We work with your team to follow the steps outlined above, beginning with senior campus leadership in retreat mode. Out of this retreat emerge several strategic themes which we now test with both the board and your faculty and staff to gain their insights and buy-in. We help you form a strategic planning task force which helps refine ideas into plan in preparation for board approval. Once the plan is approved, the task force shifts its attention to implementation and accountability.
Developing a strategic plan following these steps takes five to nine months depending on schedule and institutional priorities. The focus then shifts to implementation support for another six to nine months (or beyond).
- ECHE – Evangelical Christian higher education offers both traditional and post-traditional students a unique experience in and out of the classroom. ECHE refers to the mix of evangelical, Christ-centered institutions who are members of organizations like the Council for Christian Colleges and Universities (CCCU), the Association for Biblical Higher Education (ABHE), the Transnational Association of Christian Colleges and Schools (TRACS), the North American Coalition for Christian Admission Personnel (NACCAP), the Association for Business Administrators of Christian Colleges (ABACC), the Association for Christians in Student Development (ACSD), and other like-minded organizations.
- Strategic Enrollment Health – the goal for every campus is to enroll enough of the right students, and this is an accurate definition of strategic enrollment health. “Enough” refers to meeting quantitative enrollment goals; “right” references the qualitative aspects of finding students who embrace the institutional mission.
- Net Tuition Revenue – while many boards and higher education leaders focus on discount rate, net tuition revenue, defined as the difference between what you charge and the aid you award, is a much more helpful metric.
Did You Know?
Enrollment Research Nuggets
Founder Tim Fuller has conducted research on the cost to recruit a student, staffing, budgets, and the first-year recruitment funnel for more than 30 years. This research is now conducted under the auspices of NACCAP (www.naccapresearch.org). Here are some highlights from the latest Admission Benchmarking Study.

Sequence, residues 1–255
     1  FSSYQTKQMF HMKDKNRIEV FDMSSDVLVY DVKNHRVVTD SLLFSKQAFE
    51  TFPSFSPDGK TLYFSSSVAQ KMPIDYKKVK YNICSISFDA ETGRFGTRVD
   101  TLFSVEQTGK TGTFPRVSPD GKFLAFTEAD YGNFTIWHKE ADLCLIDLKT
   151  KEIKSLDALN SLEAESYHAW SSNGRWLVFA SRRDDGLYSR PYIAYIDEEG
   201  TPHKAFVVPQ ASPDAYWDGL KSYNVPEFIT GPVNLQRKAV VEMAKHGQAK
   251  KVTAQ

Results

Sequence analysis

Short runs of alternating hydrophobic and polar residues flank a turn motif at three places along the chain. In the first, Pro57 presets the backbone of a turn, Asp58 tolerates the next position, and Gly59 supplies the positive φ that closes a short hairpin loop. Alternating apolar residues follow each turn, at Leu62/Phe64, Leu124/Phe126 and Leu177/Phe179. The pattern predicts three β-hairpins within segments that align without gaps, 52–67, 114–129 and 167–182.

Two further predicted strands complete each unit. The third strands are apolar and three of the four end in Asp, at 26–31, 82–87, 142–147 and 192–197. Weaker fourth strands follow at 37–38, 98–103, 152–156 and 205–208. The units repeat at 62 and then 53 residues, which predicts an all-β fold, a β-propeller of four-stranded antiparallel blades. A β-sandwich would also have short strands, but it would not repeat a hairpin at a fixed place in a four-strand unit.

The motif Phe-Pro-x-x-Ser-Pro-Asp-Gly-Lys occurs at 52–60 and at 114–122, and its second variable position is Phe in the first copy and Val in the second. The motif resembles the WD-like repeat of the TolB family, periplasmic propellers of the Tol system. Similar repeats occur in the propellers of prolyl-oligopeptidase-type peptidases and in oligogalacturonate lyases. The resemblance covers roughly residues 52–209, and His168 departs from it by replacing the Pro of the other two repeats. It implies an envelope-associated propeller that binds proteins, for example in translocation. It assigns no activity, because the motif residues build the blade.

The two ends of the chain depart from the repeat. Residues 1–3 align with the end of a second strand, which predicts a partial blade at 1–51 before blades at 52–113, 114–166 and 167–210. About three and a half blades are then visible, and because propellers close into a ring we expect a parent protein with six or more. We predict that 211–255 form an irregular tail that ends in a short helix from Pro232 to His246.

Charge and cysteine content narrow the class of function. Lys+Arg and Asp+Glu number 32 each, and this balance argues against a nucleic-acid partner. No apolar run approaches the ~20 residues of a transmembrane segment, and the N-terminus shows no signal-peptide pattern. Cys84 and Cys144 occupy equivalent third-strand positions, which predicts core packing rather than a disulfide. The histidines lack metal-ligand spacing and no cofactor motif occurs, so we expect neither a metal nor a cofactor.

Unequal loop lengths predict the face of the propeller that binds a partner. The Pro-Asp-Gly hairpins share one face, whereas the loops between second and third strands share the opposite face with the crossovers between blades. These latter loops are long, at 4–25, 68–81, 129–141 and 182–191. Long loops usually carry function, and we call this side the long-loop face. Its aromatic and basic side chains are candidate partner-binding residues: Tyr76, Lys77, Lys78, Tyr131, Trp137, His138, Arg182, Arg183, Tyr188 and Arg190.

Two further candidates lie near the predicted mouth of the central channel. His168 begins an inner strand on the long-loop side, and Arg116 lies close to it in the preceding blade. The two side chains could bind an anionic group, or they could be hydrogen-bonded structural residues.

- The cost to recruit a traditional student at NACCAP colleges has increased by 153% since 1993 and only 52% of this can be attributed to inflation. Had the cost to recruit a student followed inflation exactly, it would now be only $2,550 instead of $3,577. Cost increases are driven by increasing competition, labor costs, demographics, and public perceptions of the value of a college education.
- The smaller the enrollment, the higher the cost to recruit. The smallest institutions in the study (less than 450 total traditional undergraduates) spend an average of $4,724 to recruit a student while the largest institutions (more than 1,800 total traditional undergraduates) only spend $2,831.
- On average, a recruitment FTE (full-time admission counselor) produces nearly 63 new students. This number is less at smaller institutions and greater at larger institutions. It also does not account for the impact coaches have on recruitment numbers, especially at campuses where more than 50% of the new students are student-athletes recruited primarily by the coaching staff.
- New transfers made up an average of 16.1% of total new students for fall 2019.
- Only 54.5% of the participants have established a senior admission counselor position as a next step to which new counselors can aspire.
- On average, only 68.2% of those who applied to participating institutions completed the application process so that an admission decision was made on their behalf. This represents one of the biggest opportunities for change for many NACCAP institutions. Simply put, many are striving to get more applications when a sounder, more efficient strategy might be to improve their completion rate.
For a comprehensive look at the 2019 Admission Benchmarking Study, download the PDF.